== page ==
Did you know that 1 in 12 people rely on Federally Qualified Health Centers (FQHC) for health care?
What is a FQHC? It’s a community-based organization that provides comprehensive primary care and preventive care to all persons, regardless of ability to pay or health insurance status.
The care includes health, oral, and mental health/substance abuse services. FQHCs operate under the Health Resources and Services Administration (HRSA), which is part of HHS.
Continue reading “Federally Qualified Health Centers Do It All”
The individual mandate has been a magnet for contentious debate since the ACA became law in 2010. The ACA was not the first time a mandate to purchase insurance has been floated in the U.S.–the Clinton Administration supported the concept in the Health Security Act of 1993, which did not become law. Prior to the ACA, Massachusetts became the first state to require all individuals over 18 to have health insurance and helped enacted measures to help facilitate the expansion in coverage. And, as art imitates (or predicts) life, the West Wing featured the health care debate even before Senator Obama became candidate-Obama. [You can watch it on Netflix. Season 7, Episode 7, “The Debate.” The health care portion starts at 16:43].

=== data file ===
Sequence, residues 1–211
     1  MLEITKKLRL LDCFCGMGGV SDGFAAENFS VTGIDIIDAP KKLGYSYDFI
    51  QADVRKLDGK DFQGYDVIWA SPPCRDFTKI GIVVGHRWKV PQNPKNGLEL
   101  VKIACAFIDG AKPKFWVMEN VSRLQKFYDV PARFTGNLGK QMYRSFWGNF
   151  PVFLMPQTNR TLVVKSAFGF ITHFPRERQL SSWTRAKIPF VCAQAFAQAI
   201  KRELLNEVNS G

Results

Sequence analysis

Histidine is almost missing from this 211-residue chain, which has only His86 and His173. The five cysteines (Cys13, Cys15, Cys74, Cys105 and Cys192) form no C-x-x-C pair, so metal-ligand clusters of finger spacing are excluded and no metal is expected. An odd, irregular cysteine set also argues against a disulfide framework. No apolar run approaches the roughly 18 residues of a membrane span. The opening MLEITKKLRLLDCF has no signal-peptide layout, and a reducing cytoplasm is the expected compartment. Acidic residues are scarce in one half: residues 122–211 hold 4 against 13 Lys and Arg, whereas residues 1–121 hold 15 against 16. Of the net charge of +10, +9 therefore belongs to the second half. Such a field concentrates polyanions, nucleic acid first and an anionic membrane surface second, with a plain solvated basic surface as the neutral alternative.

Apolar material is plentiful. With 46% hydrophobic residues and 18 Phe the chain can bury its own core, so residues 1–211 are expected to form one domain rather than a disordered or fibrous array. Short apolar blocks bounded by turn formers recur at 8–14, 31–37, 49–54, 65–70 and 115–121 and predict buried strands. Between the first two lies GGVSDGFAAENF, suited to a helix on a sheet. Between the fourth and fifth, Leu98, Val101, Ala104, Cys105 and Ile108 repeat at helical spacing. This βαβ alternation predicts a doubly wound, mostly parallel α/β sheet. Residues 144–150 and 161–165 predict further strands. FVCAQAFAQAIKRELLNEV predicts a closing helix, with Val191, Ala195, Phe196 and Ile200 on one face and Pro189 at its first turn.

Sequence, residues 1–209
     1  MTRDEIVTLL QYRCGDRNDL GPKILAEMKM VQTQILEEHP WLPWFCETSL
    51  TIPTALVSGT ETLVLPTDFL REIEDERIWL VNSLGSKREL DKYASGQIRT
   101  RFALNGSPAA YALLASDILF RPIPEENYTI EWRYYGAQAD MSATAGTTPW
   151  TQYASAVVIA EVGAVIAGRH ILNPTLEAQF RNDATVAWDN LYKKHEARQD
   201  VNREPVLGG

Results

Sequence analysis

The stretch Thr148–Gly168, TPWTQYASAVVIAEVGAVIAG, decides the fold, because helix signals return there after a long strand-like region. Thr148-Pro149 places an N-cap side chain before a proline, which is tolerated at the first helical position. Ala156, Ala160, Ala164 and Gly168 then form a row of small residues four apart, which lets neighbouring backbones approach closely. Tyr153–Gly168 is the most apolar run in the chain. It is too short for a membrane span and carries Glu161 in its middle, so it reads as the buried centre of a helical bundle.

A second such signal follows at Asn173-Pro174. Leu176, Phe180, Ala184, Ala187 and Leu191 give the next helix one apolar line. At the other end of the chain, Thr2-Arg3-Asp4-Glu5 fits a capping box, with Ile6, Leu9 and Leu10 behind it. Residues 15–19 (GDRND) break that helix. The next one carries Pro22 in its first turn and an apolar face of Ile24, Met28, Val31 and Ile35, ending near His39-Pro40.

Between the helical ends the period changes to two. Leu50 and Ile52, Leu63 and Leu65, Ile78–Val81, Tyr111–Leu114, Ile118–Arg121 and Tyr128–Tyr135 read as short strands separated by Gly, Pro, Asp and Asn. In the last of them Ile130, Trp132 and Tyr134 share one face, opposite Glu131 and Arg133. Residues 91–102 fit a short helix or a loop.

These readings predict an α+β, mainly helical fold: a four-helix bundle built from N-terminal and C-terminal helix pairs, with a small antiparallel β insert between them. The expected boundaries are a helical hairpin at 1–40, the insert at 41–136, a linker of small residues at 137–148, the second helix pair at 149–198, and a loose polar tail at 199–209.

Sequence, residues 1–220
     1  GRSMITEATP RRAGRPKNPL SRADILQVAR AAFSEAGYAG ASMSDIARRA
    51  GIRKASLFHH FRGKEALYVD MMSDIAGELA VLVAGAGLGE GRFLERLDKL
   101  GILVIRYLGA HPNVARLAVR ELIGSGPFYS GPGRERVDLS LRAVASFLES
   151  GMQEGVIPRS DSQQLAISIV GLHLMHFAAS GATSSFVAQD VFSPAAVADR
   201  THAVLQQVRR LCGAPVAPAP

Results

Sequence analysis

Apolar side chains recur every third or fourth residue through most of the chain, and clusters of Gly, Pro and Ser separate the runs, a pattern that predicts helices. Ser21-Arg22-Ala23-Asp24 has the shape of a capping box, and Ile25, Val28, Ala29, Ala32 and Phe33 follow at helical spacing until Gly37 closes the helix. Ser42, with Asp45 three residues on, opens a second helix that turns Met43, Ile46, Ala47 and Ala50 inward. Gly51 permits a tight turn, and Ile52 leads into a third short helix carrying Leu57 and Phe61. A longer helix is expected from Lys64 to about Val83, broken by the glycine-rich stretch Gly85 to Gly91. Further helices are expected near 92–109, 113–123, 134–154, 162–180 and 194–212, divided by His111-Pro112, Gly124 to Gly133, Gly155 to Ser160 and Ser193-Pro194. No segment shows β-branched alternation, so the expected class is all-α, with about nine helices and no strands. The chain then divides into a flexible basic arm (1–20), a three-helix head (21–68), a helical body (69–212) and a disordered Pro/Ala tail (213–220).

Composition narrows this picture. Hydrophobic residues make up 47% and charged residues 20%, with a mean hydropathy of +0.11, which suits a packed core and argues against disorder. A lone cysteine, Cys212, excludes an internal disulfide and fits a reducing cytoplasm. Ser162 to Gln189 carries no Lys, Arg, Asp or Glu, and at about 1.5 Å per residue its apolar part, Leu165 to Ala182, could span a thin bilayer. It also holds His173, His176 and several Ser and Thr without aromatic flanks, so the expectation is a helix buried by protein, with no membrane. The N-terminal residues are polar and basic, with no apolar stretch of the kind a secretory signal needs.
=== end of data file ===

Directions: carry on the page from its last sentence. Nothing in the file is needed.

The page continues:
Before we get into the details of what the mandate requires (and an update on its current status), let’s take a quick look at the arguments on either side of the issue.Supporters of the mandate have two primary justifications: (1) it will help the U.S.’s private-public hybrid insurance system work most effectively by spreading the cost out among as large a risk pool as possible; and (2) a moral imperative that healthcare is a right, and not a privilege afforded to those with means. On the other side of the issue, opponents of the mandate argue that it is a government infringement on personal freedom.
Continue reading “The Individual Mandate: One Leg of the ACA’s “Three-Legged” Stool”